Lena Dunham Calls Out R. Kelly On Twitter, Gets Attacked



lenaembedPhoto: REX USA/Everett Collection.
Lena Dunham's Twitter feed is one of the few that is clearly run by the actual celebrity in question, rather than a standard PR team. So, it's not surprising that Dunham chose to publicly express her disgust about the multiple accusations of rape leveraged against R. Kelly. Perhaps even more surprising? Many of her followers have called her criticisms invalid, and even questioned her right to identify as feminist. The resounding reason behind all the backlash seems to be the actress' recent spread with the controversial photographer Terry Richardson, a man not immune to accusations and sex crimes, including inappropriate behavior with young models.

There's nothing wrong with pointing out that, erm, fraternizing with Richardson might imply approval of his actions and a willingness to overlook the many women who have come forward against him. It's a valid question to bring up, especially considering that Richardson has photographed a dauntingly powerful list of notable public figures, from Obama to Oprah, generally in the employ of established magazines. In the context of R. Kelly, another star who has basically gotten a free pass due to notoriety, it's actually an essential point to bring up. Indeed, Dunham has worked with him (and probably knows him on a personal level, considering he's boyfriend to a good friend of hers, Audrey Gelman). But, the vitriol that Dunham experienced isn't getting anyone anywhere, and would be better directed at the photographer himself.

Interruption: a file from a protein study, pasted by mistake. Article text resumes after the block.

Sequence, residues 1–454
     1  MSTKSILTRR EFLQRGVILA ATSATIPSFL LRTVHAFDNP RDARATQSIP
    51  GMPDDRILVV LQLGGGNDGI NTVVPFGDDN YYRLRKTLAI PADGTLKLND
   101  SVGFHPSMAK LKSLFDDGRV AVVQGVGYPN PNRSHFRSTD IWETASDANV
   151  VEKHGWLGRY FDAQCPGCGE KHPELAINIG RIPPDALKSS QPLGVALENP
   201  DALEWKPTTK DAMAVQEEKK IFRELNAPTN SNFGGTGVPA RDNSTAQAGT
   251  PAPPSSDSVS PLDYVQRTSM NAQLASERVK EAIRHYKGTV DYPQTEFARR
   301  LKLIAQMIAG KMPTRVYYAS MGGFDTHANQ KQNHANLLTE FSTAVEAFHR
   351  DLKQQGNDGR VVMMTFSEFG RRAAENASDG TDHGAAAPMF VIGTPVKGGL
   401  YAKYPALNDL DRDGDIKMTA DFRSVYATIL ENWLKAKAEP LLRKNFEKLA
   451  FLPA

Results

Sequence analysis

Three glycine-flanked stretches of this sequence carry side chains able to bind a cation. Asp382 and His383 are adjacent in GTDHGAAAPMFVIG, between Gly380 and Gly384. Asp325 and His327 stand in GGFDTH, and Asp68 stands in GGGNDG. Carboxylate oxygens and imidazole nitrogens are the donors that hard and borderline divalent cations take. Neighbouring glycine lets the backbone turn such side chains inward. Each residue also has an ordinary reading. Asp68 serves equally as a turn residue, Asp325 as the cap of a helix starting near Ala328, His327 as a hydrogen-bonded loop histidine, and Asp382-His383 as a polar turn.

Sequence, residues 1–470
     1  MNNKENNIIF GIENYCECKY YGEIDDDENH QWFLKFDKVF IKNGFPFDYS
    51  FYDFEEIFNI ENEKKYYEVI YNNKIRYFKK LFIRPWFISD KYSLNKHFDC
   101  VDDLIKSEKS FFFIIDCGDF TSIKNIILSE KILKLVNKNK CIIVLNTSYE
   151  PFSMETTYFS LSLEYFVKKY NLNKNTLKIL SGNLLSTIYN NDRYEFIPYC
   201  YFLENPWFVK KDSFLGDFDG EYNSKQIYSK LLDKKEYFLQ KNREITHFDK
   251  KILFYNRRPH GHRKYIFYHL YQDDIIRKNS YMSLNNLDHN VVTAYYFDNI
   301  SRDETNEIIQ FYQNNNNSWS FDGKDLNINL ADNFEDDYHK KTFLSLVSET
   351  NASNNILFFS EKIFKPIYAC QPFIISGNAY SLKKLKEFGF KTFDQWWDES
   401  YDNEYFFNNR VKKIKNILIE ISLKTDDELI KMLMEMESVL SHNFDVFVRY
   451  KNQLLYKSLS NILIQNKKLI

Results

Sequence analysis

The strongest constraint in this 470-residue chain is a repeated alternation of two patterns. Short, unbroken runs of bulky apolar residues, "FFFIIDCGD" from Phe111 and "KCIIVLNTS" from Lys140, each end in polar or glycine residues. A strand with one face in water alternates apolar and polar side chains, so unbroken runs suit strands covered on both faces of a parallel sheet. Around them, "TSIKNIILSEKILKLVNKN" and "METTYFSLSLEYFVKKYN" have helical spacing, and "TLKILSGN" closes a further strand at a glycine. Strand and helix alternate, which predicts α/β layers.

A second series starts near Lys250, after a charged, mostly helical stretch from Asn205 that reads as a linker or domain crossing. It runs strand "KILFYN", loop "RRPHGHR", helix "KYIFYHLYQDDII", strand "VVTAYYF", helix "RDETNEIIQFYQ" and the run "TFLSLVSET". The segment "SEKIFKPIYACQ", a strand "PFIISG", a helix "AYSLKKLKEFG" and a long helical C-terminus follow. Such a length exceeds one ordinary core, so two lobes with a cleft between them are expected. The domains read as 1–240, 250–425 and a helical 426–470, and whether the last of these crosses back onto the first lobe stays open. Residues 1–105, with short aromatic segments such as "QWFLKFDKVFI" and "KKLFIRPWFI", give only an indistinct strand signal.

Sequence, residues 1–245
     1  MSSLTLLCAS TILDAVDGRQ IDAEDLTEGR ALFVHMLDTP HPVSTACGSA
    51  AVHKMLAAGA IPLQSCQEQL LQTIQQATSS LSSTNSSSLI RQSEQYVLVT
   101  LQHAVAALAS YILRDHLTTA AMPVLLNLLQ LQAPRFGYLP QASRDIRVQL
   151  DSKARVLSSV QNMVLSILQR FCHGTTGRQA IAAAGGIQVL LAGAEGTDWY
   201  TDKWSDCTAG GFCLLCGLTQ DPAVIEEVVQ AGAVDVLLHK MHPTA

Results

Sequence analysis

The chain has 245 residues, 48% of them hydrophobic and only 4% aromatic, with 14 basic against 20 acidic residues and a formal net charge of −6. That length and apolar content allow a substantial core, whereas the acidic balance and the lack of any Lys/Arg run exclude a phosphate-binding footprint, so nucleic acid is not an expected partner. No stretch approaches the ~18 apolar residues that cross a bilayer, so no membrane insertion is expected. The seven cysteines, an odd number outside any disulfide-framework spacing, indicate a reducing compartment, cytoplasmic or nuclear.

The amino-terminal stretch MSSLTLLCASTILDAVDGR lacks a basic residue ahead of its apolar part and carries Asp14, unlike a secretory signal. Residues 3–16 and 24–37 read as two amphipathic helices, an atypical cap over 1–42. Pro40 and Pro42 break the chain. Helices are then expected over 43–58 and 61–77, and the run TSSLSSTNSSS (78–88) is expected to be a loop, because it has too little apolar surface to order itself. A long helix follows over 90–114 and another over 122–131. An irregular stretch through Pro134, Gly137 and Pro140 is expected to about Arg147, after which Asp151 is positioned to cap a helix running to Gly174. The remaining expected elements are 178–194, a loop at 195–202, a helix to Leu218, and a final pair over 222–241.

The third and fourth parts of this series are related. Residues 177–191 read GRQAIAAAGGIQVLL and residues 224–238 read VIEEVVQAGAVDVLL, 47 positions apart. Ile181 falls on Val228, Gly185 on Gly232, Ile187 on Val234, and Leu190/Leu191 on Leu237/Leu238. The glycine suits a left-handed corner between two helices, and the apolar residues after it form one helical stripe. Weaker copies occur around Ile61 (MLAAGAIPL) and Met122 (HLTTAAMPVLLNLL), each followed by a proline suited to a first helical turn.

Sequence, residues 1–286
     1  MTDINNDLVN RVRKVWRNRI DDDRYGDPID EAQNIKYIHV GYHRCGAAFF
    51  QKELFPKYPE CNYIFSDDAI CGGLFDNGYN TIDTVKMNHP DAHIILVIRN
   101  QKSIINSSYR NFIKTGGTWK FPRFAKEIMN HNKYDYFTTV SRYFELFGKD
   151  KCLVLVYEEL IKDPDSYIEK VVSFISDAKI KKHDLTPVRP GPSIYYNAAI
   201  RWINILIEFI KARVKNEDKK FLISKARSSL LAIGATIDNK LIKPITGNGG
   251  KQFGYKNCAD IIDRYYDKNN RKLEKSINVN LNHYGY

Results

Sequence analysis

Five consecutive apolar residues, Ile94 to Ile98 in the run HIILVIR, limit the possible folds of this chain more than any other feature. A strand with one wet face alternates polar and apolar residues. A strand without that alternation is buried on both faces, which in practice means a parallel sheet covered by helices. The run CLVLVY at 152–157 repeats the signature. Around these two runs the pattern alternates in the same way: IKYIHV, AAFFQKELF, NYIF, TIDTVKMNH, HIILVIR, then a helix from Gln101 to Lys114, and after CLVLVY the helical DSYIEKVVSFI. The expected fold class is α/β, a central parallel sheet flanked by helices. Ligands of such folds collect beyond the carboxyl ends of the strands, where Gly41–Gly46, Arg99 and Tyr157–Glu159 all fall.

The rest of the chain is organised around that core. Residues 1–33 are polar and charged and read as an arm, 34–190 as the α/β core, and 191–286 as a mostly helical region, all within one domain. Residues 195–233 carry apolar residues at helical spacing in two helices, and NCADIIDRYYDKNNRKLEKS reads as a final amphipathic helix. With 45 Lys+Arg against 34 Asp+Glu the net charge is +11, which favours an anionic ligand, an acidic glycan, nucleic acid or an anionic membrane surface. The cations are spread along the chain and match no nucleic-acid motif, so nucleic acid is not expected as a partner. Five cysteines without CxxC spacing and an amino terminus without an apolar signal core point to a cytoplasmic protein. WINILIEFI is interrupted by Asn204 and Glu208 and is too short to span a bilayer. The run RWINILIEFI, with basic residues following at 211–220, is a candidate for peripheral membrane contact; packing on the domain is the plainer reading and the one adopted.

One more thing we'd like to point out: Hanging around and even glossing over someone like Richardson does not put someone on the same level as R. Kelly. There's a key operative that is present in one situation and not in the other: choice. Lena Dunham made a choice to hang out with Richardson, and not to be a vocal activist about his reputation as a sexual predator. That may have been the wrong choice. But, the girls who were victims of R. Kelly made no choices, because they were either forced, or too young to consent, or most likely a mix of the two. Let's not lose sight of the dark, saddening "prize," here. Actually, we think, in the end, Dunham said it best:





'Nuff said. There are many things to fault Dunham for, but this doesn't seem like the time nor the place.